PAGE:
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Join us on Teaching in Purple to find your purpose and passion in the field of education. Discover inspirational stories from future teachers, faculty, staff and alumni from Grand Canyon University. Peek inside the classrooms of today to shape your classroom of tomorrow. You will look great in purple!
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Category: Teaching and Instruction
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By Katherine Kolidas
Alumni, College of Education

As a recent graduate of the class of 2018 Master’s in Early Childhood Education and Teaching of Grand Canyon University, I cannot help but reflect back to that day a few years ago when clarity came over my thoughts and I decided to become a lifelong teacher. It was a decision that took months of soul searching, careful thinking, deep conversations with fellow teachers and volunteer work that helped me to uncover what I was truly meant to do: teach.

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When families support a child’s education, it helps the child to be more successful in school and beyond. Generally, parents start out fairly engaged in the school community. They chaperone first grade field trips, attend musical concerts and fill out beginning-of-the-year paperwork on time. But, as a child gets older, that participation is at risk to fall off. Ask any middle school or high school teacher how many families attended the last set of conferences and you’ll probably hear a pretty low number.

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By Christine Marsh
Education Administration Major, College of Education

This morning, one of my students asked how many boys were in class, and a different student answered before I had a chance, said what the number was. The first student had asked how many boys were in my fourth-hour class and I answered that I thought that there was an equal number of boys and girls in that class. A third student said, “What about the others?” I was unclear what she meant, so I asked her to clarify and she said that some students do not use male or female pronouns.

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By Amanda Ronan
Contributor

With so many distractions and other outside influences, it sometimes seems like school is the last thing on teenagers’ minds. Secondary teachers understand that their students are dealing with many stressful life events; for some students, it is pressure to measure up in school or in athletics. Other students are worried about what they will do when they finish high school. Still others are dealing with issues like teen pregnancy, homelessness and drug addiction.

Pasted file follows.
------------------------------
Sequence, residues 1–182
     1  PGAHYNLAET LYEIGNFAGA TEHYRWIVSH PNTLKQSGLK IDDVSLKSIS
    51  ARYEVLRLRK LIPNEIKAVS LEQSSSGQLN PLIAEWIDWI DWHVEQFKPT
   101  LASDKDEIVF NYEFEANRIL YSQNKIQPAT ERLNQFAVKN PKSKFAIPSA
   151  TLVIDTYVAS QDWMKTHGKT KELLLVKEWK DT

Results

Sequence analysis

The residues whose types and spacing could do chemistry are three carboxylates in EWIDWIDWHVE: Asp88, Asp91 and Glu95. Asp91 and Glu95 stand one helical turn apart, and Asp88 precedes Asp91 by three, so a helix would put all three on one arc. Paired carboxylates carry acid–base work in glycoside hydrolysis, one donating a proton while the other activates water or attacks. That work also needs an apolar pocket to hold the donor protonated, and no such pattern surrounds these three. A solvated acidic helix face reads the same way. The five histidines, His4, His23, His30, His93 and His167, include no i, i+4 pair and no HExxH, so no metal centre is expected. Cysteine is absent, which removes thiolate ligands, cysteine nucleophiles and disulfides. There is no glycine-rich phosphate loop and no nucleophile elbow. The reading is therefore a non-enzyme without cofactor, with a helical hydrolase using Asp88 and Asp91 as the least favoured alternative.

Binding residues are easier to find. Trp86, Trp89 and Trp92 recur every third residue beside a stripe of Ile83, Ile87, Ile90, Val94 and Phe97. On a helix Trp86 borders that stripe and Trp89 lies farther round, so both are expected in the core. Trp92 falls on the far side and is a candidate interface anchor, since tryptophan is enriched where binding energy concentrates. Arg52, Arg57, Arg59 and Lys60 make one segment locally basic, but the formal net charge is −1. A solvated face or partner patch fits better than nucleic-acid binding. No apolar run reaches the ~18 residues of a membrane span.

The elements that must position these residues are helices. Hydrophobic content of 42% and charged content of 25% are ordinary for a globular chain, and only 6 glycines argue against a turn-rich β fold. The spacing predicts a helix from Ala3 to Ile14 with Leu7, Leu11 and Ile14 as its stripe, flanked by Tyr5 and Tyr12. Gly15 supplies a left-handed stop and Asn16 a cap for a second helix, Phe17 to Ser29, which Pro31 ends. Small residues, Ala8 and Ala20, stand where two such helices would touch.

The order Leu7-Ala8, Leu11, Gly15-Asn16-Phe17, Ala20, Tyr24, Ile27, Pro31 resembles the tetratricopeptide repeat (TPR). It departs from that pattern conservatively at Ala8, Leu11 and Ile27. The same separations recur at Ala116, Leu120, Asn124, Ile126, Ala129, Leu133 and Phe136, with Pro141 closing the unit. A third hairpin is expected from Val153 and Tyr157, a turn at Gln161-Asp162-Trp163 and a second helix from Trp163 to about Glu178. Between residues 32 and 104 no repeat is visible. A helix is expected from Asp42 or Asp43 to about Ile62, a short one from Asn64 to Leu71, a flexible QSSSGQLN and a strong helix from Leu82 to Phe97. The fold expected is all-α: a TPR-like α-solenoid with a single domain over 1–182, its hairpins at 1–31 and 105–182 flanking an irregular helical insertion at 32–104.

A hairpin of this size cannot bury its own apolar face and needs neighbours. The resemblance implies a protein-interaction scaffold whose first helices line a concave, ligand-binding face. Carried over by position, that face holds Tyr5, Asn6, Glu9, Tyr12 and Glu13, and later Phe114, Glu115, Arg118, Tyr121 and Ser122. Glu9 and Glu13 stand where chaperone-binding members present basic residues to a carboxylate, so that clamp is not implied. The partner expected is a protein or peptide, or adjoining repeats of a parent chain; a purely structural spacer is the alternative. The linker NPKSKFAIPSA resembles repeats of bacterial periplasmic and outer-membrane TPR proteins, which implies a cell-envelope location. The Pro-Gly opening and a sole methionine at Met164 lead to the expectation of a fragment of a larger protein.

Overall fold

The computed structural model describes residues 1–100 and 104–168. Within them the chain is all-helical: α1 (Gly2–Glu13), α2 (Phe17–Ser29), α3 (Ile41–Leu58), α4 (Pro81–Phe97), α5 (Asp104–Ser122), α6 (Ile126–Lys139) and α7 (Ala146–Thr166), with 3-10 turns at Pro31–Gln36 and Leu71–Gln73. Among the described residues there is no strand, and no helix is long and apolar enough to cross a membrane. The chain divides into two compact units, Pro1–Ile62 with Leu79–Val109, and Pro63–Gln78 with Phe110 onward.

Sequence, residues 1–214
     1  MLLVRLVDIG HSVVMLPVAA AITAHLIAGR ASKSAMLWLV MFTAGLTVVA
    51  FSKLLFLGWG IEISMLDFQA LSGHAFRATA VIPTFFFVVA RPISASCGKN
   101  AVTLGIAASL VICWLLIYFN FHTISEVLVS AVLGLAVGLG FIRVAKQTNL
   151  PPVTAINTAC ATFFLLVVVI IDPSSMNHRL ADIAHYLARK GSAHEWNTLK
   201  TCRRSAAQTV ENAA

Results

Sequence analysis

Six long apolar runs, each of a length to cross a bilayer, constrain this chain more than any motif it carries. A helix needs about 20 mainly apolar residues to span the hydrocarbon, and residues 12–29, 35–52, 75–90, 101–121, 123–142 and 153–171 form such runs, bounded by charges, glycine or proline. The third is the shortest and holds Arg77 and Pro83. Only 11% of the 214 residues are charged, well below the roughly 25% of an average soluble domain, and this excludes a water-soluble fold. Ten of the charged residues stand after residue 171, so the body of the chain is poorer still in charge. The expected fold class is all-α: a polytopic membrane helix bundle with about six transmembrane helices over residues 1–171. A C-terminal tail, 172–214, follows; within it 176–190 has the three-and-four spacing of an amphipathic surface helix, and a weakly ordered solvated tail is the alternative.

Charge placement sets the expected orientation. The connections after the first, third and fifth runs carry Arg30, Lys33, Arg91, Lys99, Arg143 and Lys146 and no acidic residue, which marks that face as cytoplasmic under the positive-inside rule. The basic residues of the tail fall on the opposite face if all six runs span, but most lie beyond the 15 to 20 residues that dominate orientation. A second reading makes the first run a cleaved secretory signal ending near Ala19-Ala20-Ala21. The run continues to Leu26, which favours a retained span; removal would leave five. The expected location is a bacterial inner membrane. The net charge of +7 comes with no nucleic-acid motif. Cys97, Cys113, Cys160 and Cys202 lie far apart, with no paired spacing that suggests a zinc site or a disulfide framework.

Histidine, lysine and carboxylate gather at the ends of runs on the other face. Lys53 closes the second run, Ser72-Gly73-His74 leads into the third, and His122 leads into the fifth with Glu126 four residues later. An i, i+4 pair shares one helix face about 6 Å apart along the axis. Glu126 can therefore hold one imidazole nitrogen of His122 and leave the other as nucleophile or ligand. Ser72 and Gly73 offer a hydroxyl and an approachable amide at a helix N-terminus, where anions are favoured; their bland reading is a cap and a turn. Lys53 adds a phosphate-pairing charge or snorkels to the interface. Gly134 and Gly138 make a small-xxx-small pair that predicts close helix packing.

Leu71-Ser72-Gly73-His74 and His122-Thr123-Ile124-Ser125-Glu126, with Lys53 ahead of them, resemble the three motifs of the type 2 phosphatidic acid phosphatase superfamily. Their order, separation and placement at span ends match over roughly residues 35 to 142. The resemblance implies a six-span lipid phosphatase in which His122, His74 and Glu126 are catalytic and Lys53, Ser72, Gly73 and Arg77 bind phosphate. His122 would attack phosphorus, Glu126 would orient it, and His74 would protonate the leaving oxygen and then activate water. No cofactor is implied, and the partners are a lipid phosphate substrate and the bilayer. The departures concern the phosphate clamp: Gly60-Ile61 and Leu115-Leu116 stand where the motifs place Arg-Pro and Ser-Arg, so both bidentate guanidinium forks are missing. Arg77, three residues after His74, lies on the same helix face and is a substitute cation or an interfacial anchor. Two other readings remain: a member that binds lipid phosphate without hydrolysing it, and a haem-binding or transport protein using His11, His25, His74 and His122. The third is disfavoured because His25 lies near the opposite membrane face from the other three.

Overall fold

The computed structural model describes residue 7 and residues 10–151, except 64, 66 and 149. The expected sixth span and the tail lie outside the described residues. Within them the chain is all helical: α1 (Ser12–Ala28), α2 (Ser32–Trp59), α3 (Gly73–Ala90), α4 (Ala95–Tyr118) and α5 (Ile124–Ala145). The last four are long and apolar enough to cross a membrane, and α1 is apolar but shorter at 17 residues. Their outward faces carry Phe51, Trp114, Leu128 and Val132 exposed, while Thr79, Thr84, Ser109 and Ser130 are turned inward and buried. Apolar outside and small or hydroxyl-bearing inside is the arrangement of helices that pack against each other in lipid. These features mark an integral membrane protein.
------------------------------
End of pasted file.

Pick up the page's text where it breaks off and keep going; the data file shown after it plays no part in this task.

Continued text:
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Teachers spend 7.5 hours in the classroom each day, followed by an average of 90 additional minutes for afterschool mentoring and staff meetings, followed by another 95 minutes of grading papers and preparing lesson plans at home. That is according to The Washington Post, which highlights the selfless dedication of hardworking teachers who genuinely try to make a positive difference in students’ lives. But no matter how dedicated you are, there is no question that time management and other strategies can help you stay on top of grading. Here are some suggestions to grade faster:

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By Stephanie Knight, EdD
Adjunct Faculty, College of Education

What gets you out of bed every morning ready to tackle the day?

Is it that beautiful sunrise as you awaken? Perhaps it’s that drive-thru frothy cappuccino you grab at early o’clock on the way to your classroom. Call it prayer, reflection or meditation, making time for this to set your attitude on gratitude may make Monday meaningful and the rest of the week positively progressing towards an attitude set on what is good in this world.

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By Meredith Critchfield, PhD
Associate Professor, College of Education

Most of us know how important it is to use groups in the classroom. Some of us have even tried creative grouping and collaboration strategies like those by Kagan. The world is shrinking more and more every day thanks to technology, making communication and collaboration more important than ever before. Rather than letting technology intimidate us, though, we should embrace tech tools to help improve communication and collaboration in the classroom.

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By Stephanie Knight, EdD
Adjunct Faculty, College of Education

Have you ever heard yourself utter one of these statements about a student?

“My student is just not motivated.”
“I just can’t get this student to want to learn.”

However, it is true that all of us are motivated to do something. Students, for example, will spend hours playing video games, texting friends or maybe skateboarding. There is more to it than what appears to be laziness.

Sadly, the answer to a “lack of motivation” from a child usually appears as a behavior problem; then, it is dealt with accordingly as opposed to finding the root of the issue. Fortunately, we can control our classrooms. So let’s do an inventory of ourselves to see how we are doing in our classrooms to meet the needs of these so-called unmotivated students:

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By Stephanie Knight, EdD
Adjunct Faculty, College of Education

When students move on from your classroom, with what do you want them to leave? More knowledge? Good grades? These are noble goals, but what about embodying a love of learning? We will examine what is each facet of learning (learning as curiosity, learning as opportunity, learning as reflection) and how to make this happen in all classrooms. Hopefully, it can trickle up, creating a culture of learning at the school.

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